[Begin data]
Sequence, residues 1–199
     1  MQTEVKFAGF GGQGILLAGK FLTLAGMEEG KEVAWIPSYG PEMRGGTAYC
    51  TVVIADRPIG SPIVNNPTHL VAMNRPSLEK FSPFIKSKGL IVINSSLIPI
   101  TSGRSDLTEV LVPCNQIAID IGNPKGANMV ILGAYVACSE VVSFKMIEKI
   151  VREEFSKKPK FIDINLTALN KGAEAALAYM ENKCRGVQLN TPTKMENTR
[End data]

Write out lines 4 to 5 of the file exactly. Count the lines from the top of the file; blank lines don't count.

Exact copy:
   101  TSGRSDLTEV LVPCNQIAID IGNPKGANMV ILGAYVACSE VVSFKMIEKI
   151  VREEFSKKPK FIDINLTALN KGAEAALAYM ENKCRGVQLN TPTKMENTR